I thanked her very much and said I would let her have my address so that she could let me know as soon as she heard from him.

‘By the way, where does he live?’ I asked.

‘Well,’ she said, ‘it all sounds a bit too romantic to be true, but he actually lives on an island somewhere off the west coast of Scotland.’

‘Really?’ I said. ‘How interesting! I often spent holidays in that area with Jennifer before we were married. Where exactly is the island?’

‘Well,’ she replied, ‘it’s in the Outer Hebrides. It’s only a small island, so small it’s not even marked on the map. It’s off the northeast coast of Barra.’

‘It’s where?’ I suddenly interjected excitedly. In a flash, a picture burst into my mind of a late September evening, some four years ago on the island of Barra. I knew before she went any further that I had met, or at least had seen, her hermit.

‘He lives on a remote uninhabited island off the northeast coast of Barra in the Outer Hebrides,’ she repeated slowly and hesitantly, as she saw the electrifying effect her words were having on me.

I couldn’t hold myself in any longer. ‘I’ve met him!’ I said, bursting with excitement.

‘But you couldn’t have,’ she responded. ‘He hardly ever meets anyone.’

‘Well, what I mean is,’ I said, correcting myself, ‘I saw him about four years ago. I’m absolutely sure of it!’

She was looking at me dubiously, as if I was making some stupid mistake. I felt instinctively that I was right (and as it turned out, I was!). I didn’t pause to ask any further questions to convince myself. I was convinced – I only wanted to convince her, and so I continued talking rapidly, with rising excitement. It was on the final evening of my last stay that I’d seen her hermit. We were staying on Barra with Miss MacClean at Ard Veenish, Northbay. After dinner we decided to go for a walk. I wanted to go down to Bruernish, to have a last look at Hellisay through the binoculars. My interest in the island of Hellisay was not purely aesthetic. The golden eagle did, and to my knowledge still does, nest on the island, and I wanted a last look to see if I could find any trace of him. Jennifer brought the radio so we could listen to the Proms. It was a Friday evening and the London Symphony Orchestra were playing the Choral Symphony. There we sat, on the hillside above Bruernish, rapt in silence as we gazed at the beautiful scenery laid out before us and listened to the music of Beethoven’s Number Nine. I think we were both overcome, intoxicated by the sheer beauty of the experience.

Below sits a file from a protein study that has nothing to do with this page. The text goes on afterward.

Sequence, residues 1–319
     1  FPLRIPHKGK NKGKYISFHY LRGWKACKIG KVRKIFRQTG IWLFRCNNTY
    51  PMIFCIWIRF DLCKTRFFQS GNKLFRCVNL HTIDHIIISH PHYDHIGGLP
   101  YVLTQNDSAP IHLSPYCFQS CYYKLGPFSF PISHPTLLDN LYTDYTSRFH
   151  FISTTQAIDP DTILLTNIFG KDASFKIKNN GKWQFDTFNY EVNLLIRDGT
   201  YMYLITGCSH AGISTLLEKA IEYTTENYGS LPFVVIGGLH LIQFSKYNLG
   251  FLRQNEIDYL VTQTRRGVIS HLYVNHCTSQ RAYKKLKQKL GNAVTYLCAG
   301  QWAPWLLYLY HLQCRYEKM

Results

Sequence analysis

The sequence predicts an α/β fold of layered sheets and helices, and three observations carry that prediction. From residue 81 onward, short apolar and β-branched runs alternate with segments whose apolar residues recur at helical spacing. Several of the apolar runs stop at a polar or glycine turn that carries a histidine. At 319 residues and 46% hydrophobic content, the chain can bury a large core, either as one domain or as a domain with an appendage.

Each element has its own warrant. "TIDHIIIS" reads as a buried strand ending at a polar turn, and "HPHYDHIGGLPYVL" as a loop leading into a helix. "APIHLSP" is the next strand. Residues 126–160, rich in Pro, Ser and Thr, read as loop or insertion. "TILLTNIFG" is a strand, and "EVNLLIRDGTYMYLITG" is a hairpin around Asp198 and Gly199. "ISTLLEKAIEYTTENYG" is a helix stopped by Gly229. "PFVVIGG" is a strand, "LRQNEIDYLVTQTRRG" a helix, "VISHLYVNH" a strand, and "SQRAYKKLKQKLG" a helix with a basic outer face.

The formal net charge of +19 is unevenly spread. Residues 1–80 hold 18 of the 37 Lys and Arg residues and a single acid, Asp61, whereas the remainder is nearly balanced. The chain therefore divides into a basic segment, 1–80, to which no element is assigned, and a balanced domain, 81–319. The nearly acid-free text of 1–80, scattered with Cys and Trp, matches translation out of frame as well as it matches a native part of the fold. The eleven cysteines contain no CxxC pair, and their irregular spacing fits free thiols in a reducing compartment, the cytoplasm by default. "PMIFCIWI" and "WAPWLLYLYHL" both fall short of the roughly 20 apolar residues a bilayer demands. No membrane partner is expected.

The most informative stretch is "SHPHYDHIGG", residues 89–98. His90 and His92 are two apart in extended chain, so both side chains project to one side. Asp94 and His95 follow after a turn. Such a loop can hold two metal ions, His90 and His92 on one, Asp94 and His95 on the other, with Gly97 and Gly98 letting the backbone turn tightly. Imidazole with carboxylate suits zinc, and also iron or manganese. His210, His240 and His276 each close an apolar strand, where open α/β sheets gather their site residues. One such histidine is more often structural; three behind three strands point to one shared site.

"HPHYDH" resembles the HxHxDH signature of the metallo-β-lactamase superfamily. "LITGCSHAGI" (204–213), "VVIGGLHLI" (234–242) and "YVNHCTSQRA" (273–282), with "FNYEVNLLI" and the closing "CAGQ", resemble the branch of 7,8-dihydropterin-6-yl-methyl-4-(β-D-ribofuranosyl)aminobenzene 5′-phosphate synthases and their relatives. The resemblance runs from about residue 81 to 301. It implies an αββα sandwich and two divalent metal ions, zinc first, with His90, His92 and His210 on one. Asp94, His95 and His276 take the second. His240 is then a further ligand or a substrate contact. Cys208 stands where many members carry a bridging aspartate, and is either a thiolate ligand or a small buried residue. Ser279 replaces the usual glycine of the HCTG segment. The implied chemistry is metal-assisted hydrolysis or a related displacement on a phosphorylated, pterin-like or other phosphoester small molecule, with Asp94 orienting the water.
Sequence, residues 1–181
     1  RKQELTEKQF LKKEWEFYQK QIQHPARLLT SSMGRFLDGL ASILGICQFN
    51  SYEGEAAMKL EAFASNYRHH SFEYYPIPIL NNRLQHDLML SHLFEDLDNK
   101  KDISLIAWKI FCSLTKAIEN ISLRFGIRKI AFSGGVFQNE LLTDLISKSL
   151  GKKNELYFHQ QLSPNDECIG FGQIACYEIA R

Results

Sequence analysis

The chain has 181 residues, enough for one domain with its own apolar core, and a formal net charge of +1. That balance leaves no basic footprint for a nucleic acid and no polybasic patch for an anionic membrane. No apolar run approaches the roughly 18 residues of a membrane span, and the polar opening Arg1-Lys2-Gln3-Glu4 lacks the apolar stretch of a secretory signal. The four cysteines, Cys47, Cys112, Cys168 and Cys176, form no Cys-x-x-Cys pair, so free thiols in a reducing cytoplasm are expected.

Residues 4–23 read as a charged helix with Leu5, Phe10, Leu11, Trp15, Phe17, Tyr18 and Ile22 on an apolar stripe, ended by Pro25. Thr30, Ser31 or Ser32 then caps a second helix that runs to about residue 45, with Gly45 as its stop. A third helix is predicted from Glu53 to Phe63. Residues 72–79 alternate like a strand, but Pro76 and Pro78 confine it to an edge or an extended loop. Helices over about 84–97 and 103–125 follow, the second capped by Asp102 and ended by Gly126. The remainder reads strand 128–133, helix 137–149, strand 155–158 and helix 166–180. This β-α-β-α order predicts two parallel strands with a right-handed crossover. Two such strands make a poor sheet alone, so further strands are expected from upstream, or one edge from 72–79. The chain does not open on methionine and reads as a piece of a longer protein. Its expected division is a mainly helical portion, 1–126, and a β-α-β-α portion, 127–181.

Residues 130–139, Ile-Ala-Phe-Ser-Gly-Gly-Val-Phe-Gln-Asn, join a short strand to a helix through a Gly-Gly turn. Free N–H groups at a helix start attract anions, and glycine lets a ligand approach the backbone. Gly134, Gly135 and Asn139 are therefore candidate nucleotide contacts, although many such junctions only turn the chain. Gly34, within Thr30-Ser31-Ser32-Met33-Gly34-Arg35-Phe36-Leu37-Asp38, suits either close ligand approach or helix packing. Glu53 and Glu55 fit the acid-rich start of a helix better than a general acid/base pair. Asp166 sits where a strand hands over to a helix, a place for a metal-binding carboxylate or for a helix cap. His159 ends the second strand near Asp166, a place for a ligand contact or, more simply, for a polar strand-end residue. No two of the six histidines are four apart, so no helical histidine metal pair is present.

Jennifer was staring at the various islands that surrounded Hellisay, when she nudged me, and indicated the direction she wanted me to investigate through the binoculars. I thought for a moment that she had caught sight of the eagle, but no, she was directing my attention to a small island not far from Hellisay, to which I hadn’t paid much attention before. It was quite a distance away, but the binoculars were very powerful and I was quite sure I could see the figure of a man walking, or rather limping, along the coastline.

‘Good Lord!’ I said. ‘Whoever’s that? What on earth is he doing out there?’

I’d always been led to believe that all those islands were uninhabited, except for a certain number of sheep that were left there to graze by some of the crofters who lived on the mainland.

‘Well, it certainly seems to be a man,’ Jennifer agreed, ‘and I think he’s got a limp.’

‘He’s carrying a stick,’ I said. ‘Here, you have a look.’ I handed the binoculars back to Jennifer.

‘Yes, you’re right,’ she said. ‘He is carrying a stick.’

‘Do you think he’s in trouble?’ I asked.

‘Well, he certainly doesn’t give you that impression,’ Jennifer replied.

Just then the man disappeared behind some boulders. We never saw him again.

When we got back to our digs, I asked Miss MacClean if she knew who the man was.

‘Oh yes,’ she said. ‘He’s a bit of an eccentric, a loner, who’s been living on that island for getting on twenty years, though I believe he’s not that old. I’ve seen him many a time at Mass on Sunday. He’s not mad or anything, but you can’t tell me he’s normal, living like that for all those years.’

‘Is he an islander?’ I asked.

‘Oh no,’ she said, ‘he’s not one of us. He’s a foreigner of sorts.’ Coming from Miss MacClean, this could mean he came from the mainland or Outer Mongolia for that matter, so I didn’t pursue the point any further.

‘How does he earn a living?’ I asked.

‘I don’t really know,’ she said. ‘I think he acts as a sort of shepherd for the sheep on the outlying islands, though that’s hardly a full-time job. Maybe it’s enough to keep him, but you wouldn’t think so.

‘One thing I do know,’ she went on. ‘They tell me he gets an awful lot of post, and he writes a lot of letters too, to people all over the place. I believe he gets quite a number of parcels too from time to time, full of books, though I don’t know where he puts them. He only lives in a small house that he built for himself after the fashion of a traditional Hebridean black-house. Not that I’ve seen it myself, because it’s on the easterly side of the island, so you can’t see it from the mainland. If you want to know more about him, why not ask at the post office? They know more about him than I do.’

I would have liked to do so, but it was late, and we had to leave the next morning by the 11.30 plane.

I had completely forgotten about the man we’d seen on that wild Hebridean island until that evening, talking to Sheila in the lounge.

When I finished my story, I could see I’d convinced my listener, who was enthralled by my tale.

‘How amazing,’ she said. ‘What a coincidence!’

‘It certainly is incredible,’ I agreed. ‘Have you ever been to the Isles yourself to see him?’

‘No,’ she replied, ‘but I would love to go there. Left to myself, I would have flown out to Barra years ago, but there is an unwritten understanding between Peter and all his correspondents that nobody should go out to visit him, and I understood this to include visiting the immediate vicinity of his chosen solitude. To my knowledge, everybody has respected his wish.’

‘Oh dear!’ I exclaimed. ‘I hope becoming a correspondent doesn’t mean that I won’t be able to visit Barra again. I was planning a return visit next year.’